Ford and U-M Fight Microbes in New Vehicles

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DEARBORN — In cars and trucks, microscopic organisms including mold and mildew can quickly take hold and spread over a variety of surfaces leading to discoloration, and even unpleasant odors.

“Vehicle cabins are exposed to a wide variety of environmental conditions that can make them microbial breeding grounds,” said Cindy Peters, Ford Motor Company technical expert. “Based on growing consumer desire for health and wellness solutions, we decided to take a look at the interiors in Ford vehicles with the goal of creating a cleaner, more aesthetically pleasing environment for our customers.” 

Many consumers are sensitive to chemicals or don’t like the artificial scents of many air fresheners, so a solution that proactively reduces the source of odors for the life of the vehicle might be appreciated. 

Engineers from the Ford Research and Innovation Center in Dearborn have been collaborating with a team from the University of Michigan led by microbial ecologist Dr. Blaise Boles to evaluate the concentration and growth of microbes in vehicles.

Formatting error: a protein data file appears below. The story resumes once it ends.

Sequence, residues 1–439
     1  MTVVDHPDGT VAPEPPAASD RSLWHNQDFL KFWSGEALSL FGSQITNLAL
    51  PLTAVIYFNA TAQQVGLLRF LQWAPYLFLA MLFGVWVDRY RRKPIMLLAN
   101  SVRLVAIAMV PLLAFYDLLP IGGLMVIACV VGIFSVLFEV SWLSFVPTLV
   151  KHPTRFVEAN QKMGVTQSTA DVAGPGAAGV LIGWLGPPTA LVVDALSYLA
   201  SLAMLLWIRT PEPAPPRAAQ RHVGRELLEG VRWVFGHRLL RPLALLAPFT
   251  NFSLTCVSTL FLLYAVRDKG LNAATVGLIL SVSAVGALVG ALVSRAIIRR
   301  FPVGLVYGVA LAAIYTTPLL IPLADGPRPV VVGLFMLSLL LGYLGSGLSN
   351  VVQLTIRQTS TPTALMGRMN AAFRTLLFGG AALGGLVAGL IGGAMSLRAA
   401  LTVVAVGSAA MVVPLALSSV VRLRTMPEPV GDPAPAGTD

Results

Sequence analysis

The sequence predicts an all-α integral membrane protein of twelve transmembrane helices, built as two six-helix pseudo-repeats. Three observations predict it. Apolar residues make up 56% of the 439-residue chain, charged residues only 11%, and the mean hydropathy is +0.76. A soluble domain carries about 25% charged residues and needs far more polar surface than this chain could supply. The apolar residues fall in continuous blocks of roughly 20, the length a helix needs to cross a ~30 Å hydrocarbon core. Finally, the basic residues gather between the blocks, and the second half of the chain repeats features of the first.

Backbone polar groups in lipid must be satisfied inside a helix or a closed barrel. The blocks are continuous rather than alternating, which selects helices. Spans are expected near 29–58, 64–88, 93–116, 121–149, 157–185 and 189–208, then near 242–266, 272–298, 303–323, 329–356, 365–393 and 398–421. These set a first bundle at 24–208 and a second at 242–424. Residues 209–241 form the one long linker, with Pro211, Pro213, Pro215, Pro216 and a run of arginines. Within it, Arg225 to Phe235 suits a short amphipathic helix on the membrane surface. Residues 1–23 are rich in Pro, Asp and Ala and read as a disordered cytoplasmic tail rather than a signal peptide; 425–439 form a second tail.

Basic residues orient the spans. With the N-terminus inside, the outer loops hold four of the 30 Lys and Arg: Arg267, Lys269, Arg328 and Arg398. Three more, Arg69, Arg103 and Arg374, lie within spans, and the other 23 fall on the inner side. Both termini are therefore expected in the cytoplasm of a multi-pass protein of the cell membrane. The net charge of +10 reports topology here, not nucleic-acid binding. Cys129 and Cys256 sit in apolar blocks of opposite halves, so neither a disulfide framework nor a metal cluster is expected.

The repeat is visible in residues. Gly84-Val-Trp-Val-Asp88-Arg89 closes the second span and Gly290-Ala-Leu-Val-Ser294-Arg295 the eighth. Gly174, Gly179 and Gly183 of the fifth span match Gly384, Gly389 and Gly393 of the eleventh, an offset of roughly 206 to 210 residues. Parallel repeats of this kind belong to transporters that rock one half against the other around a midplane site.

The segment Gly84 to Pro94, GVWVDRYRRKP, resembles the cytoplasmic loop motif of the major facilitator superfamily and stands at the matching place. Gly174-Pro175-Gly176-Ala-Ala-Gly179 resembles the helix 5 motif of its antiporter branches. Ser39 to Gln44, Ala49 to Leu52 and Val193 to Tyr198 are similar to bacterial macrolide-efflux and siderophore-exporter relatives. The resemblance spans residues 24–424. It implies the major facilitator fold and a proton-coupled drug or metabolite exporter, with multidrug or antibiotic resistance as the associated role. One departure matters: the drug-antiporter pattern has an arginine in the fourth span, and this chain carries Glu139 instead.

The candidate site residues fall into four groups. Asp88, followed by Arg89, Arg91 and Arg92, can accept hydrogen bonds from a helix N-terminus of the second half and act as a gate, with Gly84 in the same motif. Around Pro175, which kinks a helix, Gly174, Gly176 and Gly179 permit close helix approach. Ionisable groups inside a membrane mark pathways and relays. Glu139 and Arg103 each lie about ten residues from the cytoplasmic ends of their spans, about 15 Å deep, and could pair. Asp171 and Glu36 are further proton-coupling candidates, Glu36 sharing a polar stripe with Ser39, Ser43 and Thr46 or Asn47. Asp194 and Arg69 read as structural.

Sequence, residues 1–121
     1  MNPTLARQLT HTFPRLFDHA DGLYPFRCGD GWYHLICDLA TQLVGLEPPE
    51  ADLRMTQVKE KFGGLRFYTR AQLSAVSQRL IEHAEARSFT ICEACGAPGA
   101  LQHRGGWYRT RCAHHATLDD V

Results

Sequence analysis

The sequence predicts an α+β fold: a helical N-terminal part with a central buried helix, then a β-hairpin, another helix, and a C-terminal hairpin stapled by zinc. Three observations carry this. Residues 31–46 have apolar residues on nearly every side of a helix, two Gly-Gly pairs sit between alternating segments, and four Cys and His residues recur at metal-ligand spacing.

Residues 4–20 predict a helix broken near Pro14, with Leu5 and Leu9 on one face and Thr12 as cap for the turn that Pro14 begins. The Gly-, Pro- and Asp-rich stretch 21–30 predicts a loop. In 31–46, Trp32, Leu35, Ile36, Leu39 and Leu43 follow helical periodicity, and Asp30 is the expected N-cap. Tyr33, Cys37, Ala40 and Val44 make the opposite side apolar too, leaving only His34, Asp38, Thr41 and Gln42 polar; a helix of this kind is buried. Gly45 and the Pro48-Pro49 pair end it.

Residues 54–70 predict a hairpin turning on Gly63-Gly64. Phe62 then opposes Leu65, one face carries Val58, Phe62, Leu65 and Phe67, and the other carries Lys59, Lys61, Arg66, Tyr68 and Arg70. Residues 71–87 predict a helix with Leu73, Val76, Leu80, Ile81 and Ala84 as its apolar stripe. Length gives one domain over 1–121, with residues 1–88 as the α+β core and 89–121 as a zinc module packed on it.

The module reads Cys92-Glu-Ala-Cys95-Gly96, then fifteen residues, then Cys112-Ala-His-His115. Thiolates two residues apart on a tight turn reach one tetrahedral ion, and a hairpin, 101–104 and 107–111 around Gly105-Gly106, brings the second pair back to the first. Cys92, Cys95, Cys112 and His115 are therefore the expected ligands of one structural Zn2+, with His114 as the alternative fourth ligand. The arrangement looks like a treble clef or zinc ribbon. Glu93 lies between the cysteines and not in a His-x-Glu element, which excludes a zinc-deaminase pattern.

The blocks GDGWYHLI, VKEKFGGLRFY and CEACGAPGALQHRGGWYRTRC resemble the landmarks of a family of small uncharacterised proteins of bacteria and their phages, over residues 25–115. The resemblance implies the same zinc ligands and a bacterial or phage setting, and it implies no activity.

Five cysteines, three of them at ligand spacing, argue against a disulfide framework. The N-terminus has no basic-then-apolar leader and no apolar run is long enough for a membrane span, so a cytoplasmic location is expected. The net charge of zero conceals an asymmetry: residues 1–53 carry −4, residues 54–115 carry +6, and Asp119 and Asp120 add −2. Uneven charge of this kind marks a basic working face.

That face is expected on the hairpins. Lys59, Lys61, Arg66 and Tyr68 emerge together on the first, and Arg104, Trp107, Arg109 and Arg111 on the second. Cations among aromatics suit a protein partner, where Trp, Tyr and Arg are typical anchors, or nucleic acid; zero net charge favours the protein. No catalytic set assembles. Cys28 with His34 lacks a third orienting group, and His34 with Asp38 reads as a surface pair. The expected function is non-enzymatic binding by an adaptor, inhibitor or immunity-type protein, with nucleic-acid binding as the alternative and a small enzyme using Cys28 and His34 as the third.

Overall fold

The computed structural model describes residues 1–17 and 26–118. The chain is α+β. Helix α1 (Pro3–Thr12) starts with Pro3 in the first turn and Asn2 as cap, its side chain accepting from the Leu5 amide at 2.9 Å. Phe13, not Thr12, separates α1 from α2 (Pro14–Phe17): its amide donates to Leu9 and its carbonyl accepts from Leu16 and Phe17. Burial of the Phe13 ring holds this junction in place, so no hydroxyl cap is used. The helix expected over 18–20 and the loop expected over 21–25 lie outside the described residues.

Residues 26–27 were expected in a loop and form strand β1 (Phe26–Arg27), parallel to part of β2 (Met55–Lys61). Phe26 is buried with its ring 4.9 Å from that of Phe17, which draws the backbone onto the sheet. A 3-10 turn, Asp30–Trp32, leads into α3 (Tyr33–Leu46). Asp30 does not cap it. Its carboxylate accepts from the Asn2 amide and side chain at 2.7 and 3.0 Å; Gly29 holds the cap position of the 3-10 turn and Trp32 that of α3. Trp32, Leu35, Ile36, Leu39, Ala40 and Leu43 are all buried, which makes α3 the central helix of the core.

Peters and her colleagues collected samples from a variety of company and employee-owned vehicles. The samples were then cultured and analyzed at a U-M laboratory in Ann Arbor. The team took swabs from 10 locations in the vehicle interior including the steering wheel, radio buttons, door handles, window switches and gearshift knobs. The U-M researchers found significant bacteria growth at most of the test locations with the highest concentrations on the steering wheel and the area around the cup holders.

“The long-term goal is to define the microbial ecology of the car interior and to optimize the design of car interiors to promote comfort and environmental sustainability,” said Boles, assistant professor in the U-M Department of Molecular, Cellular and Developmental Biology.

The team focused their attention on three commonly used and EPA-approved antimicrobial additives. Panels painted with four different formulations were then evaluated back at the U-M lab to assess the growth rates of microorganisms.

Parts coated with paint infused with the silver-ion additive contained lower microbe growth than the control parts with the current production paint. Agion, based on elemental ions, works by starving, sterilizing and suffocating the microbes to prevent them from growing and reproducing. 

Even after simulating many years of use, the microbe growth of the Agion-infused coating changed very little. The additive also had little impact on the gloss and color change of the surfaces over the test period. Parts with the antimicrobial-treated coating are now undergoing real-world testing in a number of Ford development vehicles, and the coating is being evaluated for potential use in future Ford vehicle programs.

“We can’t control everything that contributes to stains and odors in our cars and trucks,” said Peters. “But we’re doing our part to maintain a pleasant cabin environment for our customers over the long haul.”

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